Let’s face it: For all the challenges our region faced in the days after Irene, the storm humbled us more than it hurt us. By the time it reached our corner of Connecticut, Irene had weakened from a hurricane to a tropical storm, and the damage left behind amounted to an expensive inconvenience, but hardly the deadly devastation seen in other states. In fact, the conditions most of us lived through this week were probably much more comfortable than what millions of Americans endured on their summer camping trips.
For example, I suffered the hardship of swimming in my parents’ pool because I couldn’t shower at my house. When I needed electricity to write this column, I had to sit in an air-conditioned library. And when I needed to put gas in my car, I had to drive to an oasis of electricity—all the way to Groton—to do it. While I was there, I sought relief for my tattered spirit by eating lunch at the Village Bake House on Long Hill Road.
The Village Bake House, which also has a location in Niantic, is a wise destination for breakfast and lunch in pleasant or stormy weather. The restaurant makes several salads for around $7 or $8, soups for $3.99 a bowl, and more than 30 wraps and sandwiches on fresh bread for $6.99 with a pickle and a side. Half sandwiches are only $3.69, and on Saturdays all sandwiches are $5, which makes the Village Bake House a great place to pig out on delicious food cheaply.
The Grilled Hamilton is a smart investment at any price. Grilled on eight-grain bread, it contains layer upon layer of ham, enough layers that it requires effort to count them, like the rings in the trunk of a tree felled during a hurricane. The sandwich includes still more layers of roasted red peppers, purple Bermuda onion (a bit too much of it), melted Swiss, and mayonnaise. Ham sandwiches are always good, but the Grilled Hamilton takes it to another level.
A friend of mine recommended the Chicken BLT Melt, which also comes on grilled eight-grain bread, although I ordered mine instead as a wrap. Thick slices of chicken breast and ample bacon join lettuce, tomato, mayo, and gooey American cheese inside the wrap, which would be better if it were softer and stuffed fuller. The sliced tomato in mine was extra sweet and fully ripe, however, and its juice mixed with the mayo to put an acidic exclamation point on the classic BLT flavor.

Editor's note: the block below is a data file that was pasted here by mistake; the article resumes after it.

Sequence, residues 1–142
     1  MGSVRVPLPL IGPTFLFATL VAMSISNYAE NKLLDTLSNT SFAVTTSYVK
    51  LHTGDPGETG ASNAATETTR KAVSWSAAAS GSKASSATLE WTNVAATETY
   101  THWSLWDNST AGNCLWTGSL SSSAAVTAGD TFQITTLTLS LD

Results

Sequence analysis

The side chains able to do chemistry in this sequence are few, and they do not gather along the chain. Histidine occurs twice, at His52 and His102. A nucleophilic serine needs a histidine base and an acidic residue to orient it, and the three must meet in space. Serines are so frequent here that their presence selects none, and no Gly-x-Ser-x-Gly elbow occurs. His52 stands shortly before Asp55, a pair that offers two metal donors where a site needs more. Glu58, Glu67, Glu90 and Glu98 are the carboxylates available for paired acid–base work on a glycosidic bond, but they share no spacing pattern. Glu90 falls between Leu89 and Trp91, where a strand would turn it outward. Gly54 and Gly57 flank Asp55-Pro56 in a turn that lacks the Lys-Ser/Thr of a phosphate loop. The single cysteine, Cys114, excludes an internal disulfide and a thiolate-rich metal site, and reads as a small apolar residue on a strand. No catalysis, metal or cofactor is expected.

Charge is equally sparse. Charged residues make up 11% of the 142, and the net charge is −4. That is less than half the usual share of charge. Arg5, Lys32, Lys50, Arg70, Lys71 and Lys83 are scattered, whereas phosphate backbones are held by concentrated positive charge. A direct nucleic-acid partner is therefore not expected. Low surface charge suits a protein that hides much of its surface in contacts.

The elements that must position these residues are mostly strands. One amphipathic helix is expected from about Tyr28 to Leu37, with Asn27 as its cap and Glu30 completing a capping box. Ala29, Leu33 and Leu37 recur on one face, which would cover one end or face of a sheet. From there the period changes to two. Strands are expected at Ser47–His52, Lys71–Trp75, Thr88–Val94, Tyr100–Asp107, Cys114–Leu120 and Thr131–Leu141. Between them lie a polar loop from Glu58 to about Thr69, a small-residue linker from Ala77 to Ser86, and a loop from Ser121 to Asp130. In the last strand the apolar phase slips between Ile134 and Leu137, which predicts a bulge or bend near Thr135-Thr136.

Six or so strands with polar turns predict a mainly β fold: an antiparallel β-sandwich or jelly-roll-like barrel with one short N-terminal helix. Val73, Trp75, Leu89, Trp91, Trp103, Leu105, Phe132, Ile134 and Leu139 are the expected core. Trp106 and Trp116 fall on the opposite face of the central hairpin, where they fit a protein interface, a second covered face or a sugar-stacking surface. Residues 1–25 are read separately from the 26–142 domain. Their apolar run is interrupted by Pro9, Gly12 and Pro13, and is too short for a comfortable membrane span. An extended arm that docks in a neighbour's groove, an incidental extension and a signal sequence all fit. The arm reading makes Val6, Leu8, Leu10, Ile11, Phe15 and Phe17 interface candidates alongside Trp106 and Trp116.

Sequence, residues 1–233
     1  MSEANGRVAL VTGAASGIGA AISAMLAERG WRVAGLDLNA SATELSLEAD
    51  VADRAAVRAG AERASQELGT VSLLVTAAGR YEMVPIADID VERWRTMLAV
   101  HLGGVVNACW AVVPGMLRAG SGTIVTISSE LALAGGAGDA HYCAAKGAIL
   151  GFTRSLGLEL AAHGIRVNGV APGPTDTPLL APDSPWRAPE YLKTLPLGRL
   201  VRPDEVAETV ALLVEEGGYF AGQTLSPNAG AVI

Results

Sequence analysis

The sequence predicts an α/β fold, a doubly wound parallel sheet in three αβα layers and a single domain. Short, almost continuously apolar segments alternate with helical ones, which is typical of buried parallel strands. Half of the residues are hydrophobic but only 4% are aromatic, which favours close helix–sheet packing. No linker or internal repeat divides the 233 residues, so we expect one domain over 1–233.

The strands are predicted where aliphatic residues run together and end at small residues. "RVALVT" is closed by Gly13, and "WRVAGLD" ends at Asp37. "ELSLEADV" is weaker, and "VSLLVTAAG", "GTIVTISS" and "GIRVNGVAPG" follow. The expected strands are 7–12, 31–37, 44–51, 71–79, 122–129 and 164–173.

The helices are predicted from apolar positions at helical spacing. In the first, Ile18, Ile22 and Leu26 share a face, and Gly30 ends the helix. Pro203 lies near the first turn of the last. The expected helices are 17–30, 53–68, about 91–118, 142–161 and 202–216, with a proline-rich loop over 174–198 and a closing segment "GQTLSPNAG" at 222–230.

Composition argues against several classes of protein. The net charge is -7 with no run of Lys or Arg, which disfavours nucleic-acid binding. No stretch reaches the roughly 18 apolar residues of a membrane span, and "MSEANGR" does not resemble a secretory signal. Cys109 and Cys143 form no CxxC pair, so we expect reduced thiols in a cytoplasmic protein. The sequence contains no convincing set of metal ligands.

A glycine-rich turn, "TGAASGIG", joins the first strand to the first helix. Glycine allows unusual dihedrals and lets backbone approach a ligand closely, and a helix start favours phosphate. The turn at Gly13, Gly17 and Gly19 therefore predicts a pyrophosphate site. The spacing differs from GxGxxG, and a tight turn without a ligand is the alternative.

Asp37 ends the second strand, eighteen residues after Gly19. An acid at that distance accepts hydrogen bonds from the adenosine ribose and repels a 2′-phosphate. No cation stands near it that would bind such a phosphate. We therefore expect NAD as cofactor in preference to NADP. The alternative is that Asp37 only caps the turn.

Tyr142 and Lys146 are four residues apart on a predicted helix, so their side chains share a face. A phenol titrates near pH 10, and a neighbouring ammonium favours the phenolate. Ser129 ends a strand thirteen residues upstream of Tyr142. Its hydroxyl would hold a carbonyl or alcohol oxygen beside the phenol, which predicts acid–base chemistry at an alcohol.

When I called in my order—the Village Bake House is a perfect choice for take-out—I asked for the chef to surprise me with my third sandwich. He responded with the Chicken Salad Melt. It’s hard to tell which is the star of this sandwich—the chicken salad, which is worth asking for the recipe, or the Indian grain bread. Dark brown, a touch sweet, and so fresh that it’s pillowy soft, the bread is studded with sunflower seeds and oats.
The chicken salad, meanwhile, plays it safe down the middle—not too peppery, not too oniony, and no surprises like mustard or curry, although it is rather wet. The chicken is chopped finely, the onion more coarsely, and bits of scallion add more color than flavor. The best part, though, is the occasional sliced red grape, which bursts with juicy sweetness. Thin slices of tomato and green pepper add heft, and melted American cheese holds it all together and helps it stick to your teeth.
I tried not to eat all three sandwiches in one sitting. I thought it would be wiser to save some food for later, after surviving a natural disaster and all. But then I remembered my refrigerator would be lukewarm anyway until power was restored, so I forced myself to finish all three. Oh, Irene, the suffering you have caused!
Village Bake House
500 Long Hill Road
Groton, CT 06340